That's the problem. When using a word to describe a situation, the word ends up meaning what it described so often. So if it's just good, awesome means good!
 
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randulo

randulo

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My wife tells me the students are using "C'est ouf !" and "C'est hard !". The first is positive, the second, negative. And we are so far OT that this part should be moved.
 

Ivan

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To me what's also amazing is the way he uses the word 'awesome' hundreds of times, as this would NEVER happen in France!

The best you
Faint Praise

It's a British tradition too
 
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Pete Effamy

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1,456
That's the problem. When using a word to describe a situation, the word ends up meaning what it described so often. So if it's just good, awesome means good!
It is, but it's still better than a negative. In the UK, us reserved lot use "quite good" even when we mean really good or awesome. The "quite" tempers it so much it feels like a negative.
 

Pete Effamy

Senior Member
Messages
1,456
12/8 is in every swing tune you play---not just in shuffles. A while back I wrote out a portion of Shiny Stockings the way it is typically written, and below that how it is actually played to illustrate this idea. The highlighted notes represent those notes that inexperienced players have a tendency to rush when they don't feel the underlying 12/8 meter.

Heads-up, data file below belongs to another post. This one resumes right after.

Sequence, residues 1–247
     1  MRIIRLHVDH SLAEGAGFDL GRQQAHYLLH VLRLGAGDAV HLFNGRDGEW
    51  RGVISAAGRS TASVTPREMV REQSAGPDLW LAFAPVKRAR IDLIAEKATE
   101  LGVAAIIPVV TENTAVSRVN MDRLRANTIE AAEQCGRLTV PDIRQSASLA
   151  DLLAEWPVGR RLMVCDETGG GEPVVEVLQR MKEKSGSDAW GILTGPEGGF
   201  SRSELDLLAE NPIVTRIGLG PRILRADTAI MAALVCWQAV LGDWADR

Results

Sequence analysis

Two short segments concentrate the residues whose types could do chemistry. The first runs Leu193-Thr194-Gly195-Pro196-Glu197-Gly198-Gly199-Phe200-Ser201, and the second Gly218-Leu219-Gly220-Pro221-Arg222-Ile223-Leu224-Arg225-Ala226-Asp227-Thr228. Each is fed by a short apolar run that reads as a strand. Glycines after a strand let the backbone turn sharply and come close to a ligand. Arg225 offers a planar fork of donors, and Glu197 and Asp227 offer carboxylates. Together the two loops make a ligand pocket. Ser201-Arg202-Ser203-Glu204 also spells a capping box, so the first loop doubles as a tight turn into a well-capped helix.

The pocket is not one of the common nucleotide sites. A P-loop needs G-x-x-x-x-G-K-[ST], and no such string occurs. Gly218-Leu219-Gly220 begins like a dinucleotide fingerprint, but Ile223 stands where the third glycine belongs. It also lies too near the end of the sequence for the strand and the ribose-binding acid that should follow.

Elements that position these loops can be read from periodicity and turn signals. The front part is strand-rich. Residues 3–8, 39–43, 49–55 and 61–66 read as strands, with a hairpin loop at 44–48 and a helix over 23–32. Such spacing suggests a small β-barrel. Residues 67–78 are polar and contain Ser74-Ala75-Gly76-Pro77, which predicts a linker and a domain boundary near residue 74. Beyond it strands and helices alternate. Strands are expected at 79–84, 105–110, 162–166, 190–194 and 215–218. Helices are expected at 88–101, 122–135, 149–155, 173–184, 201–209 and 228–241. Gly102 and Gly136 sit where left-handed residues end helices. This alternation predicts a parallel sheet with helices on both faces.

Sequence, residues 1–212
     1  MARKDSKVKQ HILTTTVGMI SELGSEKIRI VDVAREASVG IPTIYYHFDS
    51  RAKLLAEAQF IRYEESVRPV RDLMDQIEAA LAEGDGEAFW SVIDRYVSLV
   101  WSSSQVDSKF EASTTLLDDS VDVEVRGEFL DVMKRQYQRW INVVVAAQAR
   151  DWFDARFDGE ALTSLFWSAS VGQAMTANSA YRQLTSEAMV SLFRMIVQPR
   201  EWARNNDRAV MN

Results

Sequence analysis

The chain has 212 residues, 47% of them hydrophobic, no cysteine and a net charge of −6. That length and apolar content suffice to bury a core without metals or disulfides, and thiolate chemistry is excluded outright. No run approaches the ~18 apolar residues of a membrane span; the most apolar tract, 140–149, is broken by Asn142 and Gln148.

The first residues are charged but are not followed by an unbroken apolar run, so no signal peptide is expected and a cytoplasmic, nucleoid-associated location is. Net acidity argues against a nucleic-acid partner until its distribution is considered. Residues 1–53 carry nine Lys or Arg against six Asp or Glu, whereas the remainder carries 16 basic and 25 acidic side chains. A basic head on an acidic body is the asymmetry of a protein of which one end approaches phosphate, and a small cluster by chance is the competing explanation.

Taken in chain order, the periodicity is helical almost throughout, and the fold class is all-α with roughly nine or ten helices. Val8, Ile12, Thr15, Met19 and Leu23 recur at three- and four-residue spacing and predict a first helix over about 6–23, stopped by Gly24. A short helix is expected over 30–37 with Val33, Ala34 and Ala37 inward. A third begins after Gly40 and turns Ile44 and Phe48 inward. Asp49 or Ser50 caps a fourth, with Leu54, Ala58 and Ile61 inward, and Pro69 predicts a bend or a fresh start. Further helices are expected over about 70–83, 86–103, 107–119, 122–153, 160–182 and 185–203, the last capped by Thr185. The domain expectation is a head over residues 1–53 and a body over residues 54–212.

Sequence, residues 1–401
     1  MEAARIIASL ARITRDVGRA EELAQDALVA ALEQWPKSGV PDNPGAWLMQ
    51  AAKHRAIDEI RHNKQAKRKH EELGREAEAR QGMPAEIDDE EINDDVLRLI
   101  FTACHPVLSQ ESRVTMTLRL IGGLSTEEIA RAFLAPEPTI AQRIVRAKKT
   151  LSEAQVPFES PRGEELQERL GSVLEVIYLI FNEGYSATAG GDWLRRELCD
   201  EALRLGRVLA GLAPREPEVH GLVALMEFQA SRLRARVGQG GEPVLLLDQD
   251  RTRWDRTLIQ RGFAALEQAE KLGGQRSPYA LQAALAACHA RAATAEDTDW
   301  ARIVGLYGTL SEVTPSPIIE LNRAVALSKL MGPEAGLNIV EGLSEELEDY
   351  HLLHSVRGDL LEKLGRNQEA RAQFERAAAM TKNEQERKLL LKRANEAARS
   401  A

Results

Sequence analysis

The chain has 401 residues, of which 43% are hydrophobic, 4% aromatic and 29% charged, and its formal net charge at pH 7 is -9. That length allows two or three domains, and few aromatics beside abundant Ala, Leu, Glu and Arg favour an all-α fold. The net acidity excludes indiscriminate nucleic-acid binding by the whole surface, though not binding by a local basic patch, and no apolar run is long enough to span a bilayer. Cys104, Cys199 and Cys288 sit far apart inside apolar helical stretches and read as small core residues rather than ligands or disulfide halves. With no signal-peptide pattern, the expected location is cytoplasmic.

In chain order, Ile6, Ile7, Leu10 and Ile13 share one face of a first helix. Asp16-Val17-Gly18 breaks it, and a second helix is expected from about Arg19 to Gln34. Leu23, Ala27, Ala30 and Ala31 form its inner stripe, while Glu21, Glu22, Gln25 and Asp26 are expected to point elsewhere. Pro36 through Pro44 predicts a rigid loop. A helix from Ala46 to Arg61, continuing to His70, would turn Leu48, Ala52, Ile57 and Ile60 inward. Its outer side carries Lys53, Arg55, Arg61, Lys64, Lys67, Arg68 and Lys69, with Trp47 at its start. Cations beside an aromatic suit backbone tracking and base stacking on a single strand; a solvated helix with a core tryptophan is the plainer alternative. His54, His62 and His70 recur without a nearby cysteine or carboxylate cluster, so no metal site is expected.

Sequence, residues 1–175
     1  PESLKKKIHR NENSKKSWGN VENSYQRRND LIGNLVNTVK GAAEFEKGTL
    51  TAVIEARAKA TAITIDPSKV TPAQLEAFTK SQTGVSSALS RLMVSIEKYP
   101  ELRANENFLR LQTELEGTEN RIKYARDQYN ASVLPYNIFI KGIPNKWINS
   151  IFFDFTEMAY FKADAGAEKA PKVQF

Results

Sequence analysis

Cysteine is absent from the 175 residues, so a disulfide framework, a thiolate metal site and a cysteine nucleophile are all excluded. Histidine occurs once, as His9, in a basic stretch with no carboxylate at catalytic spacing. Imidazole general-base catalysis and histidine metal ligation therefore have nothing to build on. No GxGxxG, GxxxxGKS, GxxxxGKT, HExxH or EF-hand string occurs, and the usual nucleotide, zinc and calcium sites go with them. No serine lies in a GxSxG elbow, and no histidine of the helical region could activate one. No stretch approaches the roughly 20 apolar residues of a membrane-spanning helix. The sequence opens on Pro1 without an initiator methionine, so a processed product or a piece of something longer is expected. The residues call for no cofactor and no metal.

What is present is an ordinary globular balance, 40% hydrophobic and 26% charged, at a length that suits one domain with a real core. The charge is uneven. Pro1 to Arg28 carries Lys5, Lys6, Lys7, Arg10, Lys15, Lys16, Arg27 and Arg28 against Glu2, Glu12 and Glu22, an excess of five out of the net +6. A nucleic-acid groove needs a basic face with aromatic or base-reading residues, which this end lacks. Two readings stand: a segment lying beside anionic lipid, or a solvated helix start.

[Of course when the tempo gets fast enough the eighth notes (quavers) almost become even, The same is true in some ballads at slower tempos.]
Good point well made jb.
 
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randulo

randulo

playing 2 years
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I've never actually understand what a 'swing' is, to me, there's binary and trinary (???) feels, or as we used to call them, push (funk) or shuffle.
 
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randulo

randulo

playing 2 years
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3,224
It is, but it's still better than a negative. In the UK, us reserved lot use "quite good" even when we mean really good or awesome. The "quite" tempers it so much it feels like a negative.
Yes, I've long noted the use of "quite" in British English. Modifiers are a good use of language. I quite like them.